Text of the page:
Karlaylisi is a tiny shopfront selling some of the most authentic Uyghur food in Melbourne.
Here you’ll be able to find läghmän, stir-fried hand-pulled noodles, which are ubiquitous in the Uyghur region of Xinjiang. Chef and owner Dawut Sidik makes a batch of dough every day, turning that dough into thick, round, uniform noodles.
Läghmän can be served dry or wet. The classic dry version, oy läghmän, is Karlaylisi’s bestseller: long noodles tossed with lamb and vegetables and a little spice. But the version Sidik recommends is aqqik korulgan läghmän. Shorter noodles are tossed with chilli, garlic, ginger and soy before lean lamb, onions, garlic chives and chunks of bird’s eye chillies are thrown in.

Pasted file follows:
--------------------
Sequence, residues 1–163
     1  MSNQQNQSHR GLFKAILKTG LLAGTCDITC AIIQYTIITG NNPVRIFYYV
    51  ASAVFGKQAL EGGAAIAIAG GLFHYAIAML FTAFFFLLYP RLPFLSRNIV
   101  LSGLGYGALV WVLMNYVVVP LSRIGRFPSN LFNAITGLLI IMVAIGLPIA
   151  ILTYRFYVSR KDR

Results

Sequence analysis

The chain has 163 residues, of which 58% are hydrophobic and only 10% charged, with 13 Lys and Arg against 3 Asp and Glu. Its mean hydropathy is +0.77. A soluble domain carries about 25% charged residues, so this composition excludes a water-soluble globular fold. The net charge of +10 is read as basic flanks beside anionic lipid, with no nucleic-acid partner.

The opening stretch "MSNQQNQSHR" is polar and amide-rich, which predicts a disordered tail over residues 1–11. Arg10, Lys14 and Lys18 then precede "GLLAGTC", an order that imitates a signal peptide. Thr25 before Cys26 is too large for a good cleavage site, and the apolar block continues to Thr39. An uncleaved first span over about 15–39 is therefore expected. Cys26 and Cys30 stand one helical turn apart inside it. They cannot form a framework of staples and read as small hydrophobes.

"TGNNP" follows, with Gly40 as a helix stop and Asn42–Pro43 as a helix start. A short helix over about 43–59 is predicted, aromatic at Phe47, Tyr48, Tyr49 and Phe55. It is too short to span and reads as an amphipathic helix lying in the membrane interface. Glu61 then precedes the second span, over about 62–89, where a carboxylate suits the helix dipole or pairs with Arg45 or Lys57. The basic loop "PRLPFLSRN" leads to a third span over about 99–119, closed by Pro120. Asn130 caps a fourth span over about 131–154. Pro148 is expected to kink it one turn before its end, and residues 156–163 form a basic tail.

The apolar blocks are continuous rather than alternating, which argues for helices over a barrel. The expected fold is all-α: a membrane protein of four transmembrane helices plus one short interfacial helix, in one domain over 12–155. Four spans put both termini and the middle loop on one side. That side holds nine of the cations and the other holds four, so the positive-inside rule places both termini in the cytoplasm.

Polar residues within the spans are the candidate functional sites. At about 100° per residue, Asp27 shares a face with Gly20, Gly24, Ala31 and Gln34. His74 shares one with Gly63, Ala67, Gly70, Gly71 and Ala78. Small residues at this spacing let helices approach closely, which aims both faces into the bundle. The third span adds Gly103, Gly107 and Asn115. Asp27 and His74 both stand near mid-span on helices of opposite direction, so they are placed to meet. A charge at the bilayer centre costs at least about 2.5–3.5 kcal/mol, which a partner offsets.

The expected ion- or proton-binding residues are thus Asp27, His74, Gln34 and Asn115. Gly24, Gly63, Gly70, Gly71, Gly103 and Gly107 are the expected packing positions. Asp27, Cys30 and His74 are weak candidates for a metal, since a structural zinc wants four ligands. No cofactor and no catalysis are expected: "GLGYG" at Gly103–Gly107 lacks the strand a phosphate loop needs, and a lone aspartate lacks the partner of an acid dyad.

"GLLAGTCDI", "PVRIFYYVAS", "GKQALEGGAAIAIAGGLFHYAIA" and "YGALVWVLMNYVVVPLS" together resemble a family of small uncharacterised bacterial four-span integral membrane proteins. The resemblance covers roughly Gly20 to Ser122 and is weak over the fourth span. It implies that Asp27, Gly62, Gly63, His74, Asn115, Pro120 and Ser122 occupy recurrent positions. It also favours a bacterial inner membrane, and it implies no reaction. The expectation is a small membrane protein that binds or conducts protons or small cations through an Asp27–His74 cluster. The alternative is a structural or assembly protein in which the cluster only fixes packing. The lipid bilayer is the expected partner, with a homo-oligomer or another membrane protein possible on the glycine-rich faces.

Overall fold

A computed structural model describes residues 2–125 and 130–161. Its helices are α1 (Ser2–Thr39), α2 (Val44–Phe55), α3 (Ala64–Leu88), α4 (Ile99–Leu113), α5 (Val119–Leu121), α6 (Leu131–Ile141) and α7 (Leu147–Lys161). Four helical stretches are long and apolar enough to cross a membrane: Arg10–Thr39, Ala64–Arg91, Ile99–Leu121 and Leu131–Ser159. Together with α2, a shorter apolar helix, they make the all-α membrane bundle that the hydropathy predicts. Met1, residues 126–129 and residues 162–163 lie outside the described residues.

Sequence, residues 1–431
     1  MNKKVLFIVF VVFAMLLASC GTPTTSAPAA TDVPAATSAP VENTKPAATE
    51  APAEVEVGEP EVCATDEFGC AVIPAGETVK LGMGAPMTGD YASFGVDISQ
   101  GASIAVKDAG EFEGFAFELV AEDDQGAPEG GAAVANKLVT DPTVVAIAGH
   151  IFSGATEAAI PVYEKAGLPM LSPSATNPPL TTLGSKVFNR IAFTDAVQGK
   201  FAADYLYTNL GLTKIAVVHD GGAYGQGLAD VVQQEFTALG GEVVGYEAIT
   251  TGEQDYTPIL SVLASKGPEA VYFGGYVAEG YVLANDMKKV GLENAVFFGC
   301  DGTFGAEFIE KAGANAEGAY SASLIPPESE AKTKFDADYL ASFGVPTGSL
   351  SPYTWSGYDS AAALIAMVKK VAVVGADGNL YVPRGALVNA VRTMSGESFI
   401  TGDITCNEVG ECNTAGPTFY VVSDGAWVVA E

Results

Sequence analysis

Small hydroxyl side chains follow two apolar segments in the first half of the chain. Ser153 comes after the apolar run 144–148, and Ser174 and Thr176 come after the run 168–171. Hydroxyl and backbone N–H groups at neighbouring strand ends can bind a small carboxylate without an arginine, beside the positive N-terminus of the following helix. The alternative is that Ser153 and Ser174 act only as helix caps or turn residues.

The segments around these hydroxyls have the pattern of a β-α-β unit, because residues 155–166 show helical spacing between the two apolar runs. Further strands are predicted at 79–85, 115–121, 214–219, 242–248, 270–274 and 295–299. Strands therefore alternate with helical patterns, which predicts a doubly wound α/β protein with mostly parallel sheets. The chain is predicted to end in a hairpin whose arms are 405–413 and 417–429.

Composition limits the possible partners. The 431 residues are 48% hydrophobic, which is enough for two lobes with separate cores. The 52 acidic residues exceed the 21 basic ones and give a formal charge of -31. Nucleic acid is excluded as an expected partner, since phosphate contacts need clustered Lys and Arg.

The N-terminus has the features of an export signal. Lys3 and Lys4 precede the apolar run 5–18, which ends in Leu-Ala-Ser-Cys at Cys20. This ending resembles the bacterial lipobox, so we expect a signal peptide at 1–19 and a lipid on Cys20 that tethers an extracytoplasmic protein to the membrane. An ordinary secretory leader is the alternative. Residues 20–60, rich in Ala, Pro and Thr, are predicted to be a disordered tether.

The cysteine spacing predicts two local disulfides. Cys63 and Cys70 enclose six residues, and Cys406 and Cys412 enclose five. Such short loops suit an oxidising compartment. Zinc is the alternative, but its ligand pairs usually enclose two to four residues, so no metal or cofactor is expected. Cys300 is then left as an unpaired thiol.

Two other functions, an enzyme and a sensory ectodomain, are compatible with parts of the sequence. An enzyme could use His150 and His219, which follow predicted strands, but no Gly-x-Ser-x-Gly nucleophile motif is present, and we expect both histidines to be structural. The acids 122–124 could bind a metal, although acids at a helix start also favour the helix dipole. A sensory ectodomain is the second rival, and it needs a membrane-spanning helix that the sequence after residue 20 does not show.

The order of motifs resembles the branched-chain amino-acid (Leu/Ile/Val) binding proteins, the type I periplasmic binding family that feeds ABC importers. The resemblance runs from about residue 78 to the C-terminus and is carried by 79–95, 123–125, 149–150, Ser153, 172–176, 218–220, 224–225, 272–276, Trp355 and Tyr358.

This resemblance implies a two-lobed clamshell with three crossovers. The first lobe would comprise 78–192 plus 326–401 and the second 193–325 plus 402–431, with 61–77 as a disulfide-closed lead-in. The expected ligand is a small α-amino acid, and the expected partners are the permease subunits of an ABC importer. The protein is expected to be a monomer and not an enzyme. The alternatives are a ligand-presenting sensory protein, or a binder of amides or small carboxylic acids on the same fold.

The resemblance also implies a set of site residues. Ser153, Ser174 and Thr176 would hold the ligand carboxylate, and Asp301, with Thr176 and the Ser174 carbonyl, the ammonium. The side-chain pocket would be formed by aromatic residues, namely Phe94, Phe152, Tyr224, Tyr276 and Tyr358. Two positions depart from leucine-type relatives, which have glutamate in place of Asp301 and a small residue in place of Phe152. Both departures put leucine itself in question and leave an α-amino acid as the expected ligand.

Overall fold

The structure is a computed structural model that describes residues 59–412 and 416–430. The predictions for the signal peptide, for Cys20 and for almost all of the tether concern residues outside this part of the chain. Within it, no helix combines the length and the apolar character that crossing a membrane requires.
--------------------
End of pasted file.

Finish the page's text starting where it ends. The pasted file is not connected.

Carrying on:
Unlike many cuisines in Asia, whose foundations are rice, Uyghurs use wheat. In Xinjiang there are many types of boiled dumplings, steamed buns and baked and fried breads, the most common being gosh nan (pan-fried thin, flaky pastry filled with lamb and cumin) and samsa (baked parcels filled with lamb mince, onion and black pepper).
The menu is written in Uyghur, English and Mandarin. Sidik speaks the latter fluently, which has helped him assimilate into life in Australia while he works on his English.